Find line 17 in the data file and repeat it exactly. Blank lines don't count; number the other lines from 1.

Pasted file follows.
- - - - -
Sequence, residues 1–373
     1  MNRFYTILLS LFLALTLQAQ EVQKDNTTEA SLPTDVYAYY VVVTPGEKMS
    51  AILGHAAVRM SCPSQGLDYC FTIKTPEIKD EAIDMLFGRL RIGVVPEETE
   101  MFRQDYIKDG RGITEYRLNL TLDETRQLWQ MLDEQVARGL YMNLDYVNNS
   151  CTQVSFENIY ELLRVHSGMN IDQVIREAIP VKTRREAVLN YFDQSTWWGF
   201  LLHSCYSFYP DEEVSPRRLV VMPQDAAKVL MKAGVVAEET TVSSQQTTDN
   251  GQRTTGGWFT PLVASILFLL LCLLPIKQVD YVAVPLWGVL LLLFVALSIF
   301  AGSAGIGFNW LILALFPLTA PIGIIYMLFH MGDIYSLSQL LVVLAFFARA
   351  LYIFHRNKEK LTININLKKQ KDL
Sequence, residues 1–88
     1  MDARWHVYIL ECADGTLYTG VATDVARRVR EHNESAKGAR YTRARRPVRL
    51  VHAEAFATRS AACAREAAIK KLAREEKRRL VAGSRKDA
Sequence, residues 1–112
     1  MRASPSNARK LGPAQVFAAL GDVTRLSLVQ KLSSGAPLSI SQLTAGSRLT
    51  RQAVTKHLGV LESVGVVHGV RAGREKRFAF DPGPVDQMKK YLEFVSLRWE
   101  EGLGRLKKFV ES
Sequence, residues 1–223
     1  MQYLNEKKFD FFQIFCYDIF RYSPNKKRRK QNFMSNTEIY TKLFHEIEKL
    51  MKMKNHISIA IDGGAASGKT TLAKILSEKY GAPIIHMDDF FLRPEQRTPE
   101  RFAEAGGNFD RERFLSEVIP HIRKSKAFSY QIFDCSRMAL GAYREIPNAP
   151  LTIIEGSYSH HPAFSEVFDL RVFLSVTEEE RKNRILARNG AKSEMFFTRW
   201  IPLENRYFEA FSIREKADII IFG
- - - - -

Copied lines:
Sequence, residues 1–223